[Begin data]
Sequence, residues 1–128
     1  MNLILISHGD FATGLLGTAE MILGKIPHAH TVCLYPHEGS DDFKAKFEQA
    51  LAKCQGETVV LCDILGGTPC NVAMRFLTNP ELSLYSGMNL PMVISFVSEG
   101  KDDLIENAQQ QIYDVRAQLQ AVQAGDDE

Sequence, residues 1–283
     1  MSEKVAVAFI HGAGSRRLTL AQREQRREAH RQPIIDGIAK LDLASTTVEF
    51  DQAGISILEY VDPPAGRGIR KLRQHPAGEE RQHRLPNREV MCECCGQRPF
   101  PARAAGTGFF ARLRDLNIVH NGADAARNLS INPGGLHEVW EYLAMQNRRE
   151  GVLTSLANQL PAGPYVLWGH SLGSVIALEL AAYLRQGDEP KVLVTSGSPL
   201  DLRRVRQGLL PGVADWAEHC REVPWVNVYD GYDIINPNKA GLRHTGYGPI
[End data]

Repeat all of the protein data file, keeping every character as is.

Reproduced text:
Sequence, residues 1–128
     1  MNLILISHGD FATGLLGTAE MILGKIPHAH TVCLYPHEGS DDFKAKFEQA
    51  LAKCQGETVV LCDILGGTPC NVAMRFLTNP ELSLYSGMNL PMVISFVSEG
   101  KDDLIENAQQ QIYDVRAQLQ AVQAGDDE

Sequence, residues 1–283
     1  MSEKVAVAFI HGAGSRRLTL AQREQRREAH RQPIIDGIAK LDLASTTVEF
    51  DQAGISILEY VDPPAGRGIR KLRQHPAGEE RQHRLPNREV MCECCGQRPF
   101  PARAAGTGFF ARLRDLNIVH NGADAARNLS INPGGLHEVW EYLAMQNRRE
   151  GVLTSLANQL PAGPYVLWGH SLGSVIALEL AAYLRQGDEP KVLVTSGSPL
   201  DLRRVRQGLL PGVADWAEHC REVPWVNVYD GYDIINPNKA GLRHTGYGPI